Source Link - Cuts come to schools for deaf and blind
Even the schools that help those who need a little more assistance are under pressure right now.
"I'm--excuse me--I'm frankly a little emotional," Judy Robbins told the board for the Arizona State Schools for the Deaf and Blind.
ASDB gets its students involved in the same activities other schools offer, and teachers here have the same concerns.
"Because I know in hard economic times, the one thing that is looked at as a frill in the education of all children is arts programming," Robbins told the board.
"There may be some wiggle room, but there is not 8.2 million dollars of wiggle room," superintendent Robert Hill said.
"I think the next few weeks are going to be very emotional," said Arizona School for the Deaf principal Nancy Amann. She said that ASDB must find fifteen percent in cuts like other state agencies.
"And we're going to try to go as much as we can without the biggest impact on our students, and to make sure that we maintain the quality education for our students. I mean I can't even say that it's not going to impact them in the classroom because it is going to impact them somehow at some level," she said.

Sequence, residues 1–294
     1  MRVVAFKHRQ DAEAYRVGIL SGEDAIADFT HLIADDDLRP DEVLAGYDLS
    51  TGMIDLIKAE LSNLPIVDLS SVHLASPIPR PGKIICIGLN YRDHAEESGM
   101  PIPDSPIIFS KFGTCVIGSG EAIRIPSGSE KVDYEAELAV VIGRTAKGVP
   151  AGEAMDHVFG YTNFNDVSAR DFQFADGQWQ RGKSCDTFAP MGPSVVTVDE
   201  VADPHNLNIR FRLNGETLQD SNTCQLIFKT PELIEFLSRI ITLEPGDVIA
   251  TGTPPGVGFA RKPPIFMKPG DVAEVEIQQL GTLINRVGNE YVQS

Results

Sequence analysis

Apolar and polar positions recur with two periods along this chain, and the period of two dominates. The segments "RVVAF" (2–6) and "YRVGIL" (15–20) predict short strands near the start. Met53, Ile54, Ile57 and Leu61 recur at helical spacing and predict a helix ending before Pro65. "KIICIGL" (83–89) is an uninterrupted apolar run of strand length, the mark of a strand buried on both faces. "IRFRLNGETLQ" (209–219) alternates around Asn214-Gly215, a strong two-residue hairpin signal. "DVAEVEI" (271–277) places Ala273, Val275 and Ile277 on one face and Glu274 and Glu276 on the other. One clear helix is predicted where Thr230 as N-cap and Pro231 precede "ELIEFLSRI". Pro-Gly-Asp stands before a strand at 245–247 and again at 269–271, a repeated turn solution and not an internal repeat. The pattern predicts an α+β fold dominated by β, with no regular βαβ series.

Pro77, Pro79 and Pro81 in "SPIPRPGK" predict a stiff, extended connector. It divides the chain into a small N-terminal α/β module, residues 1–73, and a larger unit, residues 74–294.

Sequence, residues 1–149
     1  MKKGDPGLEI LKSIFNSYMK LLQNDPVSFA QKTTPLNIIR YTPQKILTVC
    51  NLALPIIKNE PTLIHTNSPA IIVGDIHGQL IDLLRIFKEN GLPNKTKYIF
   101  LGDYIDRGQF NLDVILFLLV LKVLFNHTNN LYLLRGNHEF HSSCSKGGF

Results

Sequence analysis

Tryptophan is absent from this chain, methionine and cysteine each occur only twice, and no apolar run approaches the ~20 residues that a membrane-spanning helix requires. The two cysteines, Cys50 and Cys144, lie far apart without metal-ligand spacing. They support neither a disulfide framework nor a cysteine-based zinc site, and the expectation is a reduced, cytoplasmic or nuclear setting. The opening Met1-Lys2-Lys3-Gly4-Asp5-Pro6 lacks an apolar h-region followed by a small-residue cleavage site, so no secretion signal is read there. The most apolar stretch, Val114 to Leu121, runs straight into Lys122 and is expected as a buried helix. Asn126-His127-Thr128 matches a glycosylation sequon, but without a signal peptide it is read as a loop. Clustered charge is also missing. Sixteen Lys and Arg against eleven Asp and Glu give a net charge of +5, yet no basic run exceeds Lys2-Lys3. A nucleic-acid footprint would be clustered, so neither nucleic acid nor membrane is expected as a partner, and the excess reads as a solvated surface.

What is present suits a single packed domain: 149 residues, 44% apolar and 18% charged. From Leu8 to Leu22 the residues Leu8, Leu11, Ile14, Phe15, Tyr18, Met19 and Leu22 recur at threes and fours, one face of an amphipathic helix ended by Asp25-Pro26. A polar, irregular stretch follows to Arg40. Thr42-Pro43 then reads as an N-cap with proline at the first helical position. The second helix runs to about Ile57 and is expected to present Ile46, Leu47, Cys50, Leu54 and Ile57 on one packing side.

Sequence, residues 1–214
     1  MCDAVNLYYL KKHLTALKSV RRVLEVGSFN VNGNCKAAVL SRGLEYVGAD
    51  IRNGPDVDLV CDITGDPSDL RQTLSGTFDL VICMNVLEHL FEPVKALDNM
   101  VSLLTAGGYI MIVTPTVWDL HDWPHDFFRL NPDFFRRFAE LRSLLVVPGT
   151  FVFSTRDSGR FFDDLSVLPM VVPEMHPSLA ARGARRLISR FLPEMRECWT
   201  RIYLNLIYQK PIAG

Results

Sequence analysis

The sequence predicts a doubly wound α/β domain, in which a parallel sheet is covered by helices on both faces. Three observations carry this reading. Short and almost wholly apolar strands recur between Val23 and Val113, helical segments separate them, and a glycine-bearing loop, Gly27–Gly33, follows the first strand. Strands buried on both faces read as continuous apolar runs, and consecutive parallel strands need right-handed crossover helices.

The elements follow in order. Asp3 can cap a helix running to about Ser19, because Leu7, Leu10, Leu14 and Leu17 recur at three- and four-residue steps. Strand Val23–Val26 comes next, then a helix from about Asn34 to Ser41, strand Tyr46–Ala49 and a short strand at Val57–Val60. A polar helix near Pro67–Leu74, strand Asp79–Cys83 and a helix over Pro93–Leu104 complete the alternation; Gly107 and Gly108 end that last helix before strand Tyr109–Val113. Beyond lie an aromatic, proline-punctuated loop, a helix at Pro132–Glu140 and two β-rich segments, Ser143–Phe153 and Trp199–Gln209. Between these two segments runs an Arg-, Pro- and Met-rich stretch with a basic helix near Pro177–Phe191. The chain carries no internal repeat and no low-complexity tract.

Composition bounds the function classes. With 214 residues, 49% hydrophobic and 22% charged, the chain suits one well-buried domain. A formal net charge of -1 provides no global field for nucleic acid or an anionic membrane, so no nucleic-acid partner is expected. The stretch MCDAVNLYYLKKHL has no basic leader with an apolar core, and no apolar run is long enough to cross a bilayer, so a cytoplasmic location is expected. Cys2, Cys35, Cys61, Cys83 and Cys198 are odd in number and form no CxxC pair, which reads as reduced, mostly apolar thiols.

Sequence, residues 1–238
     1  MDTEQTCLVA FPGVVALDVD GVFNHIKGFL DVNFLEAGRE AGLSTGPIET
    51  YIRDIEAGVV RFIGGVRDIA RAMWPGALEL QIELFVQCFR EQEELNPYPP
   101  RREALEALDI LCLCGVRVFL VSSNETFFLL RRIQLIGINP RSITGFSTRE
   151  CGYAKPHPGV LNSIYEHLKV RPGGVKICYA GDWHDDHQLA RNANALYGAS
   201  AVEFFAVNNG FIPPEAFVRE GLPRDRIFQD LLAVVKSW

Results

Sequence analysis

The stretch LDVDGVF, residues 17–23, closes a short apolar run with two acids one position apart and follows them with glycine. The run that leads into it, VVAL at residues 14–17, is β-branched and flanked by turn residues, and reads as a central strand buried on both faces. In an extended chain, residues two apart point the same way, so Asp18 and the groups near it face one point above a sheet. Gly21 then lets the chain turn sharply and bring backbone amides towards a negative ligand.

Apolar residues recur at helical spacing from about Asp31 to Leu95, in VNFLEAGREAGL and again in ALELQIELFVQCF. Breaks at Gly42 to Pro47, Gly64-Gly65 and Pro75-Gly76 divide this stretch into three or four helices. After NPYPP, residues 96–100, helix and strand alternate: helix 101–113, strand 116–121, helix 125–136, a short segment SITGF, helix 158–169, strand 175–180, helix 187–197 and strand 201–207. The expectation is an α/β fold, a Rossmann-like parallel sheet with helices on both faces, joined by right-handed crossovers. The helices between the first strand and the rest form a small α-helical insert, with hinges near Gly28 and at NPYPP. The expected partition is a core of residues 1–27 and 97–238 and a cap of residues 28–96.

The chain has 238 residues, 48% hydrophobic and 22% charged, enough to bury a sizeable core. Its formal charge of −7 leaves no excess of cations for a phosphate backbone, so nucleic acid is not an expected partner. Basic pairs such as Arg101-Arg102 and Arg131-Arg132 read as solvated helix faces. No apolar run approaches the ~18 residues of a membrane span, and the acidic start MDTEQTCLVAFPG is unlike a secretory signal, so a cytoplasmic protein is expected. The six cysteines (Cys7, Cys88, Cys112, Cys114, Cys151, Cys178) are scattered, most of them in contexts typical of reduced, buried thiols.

"If we were to have to reduce services for our students, these kids would unfortunately end up many of them going into the public mainstream, and the public school districts would have to provide for additional services and pay for that."
Almost ninety percent of ASDB's budget is personnel, and budgeting that looks good on paper, might look quite different for the students in the field.
They are our future," Amann said.
ASDB has yet to set up its proposed cuts. It must have that done in the next few weeks and present them to the governor; however, that does not mean those cuts will be made.
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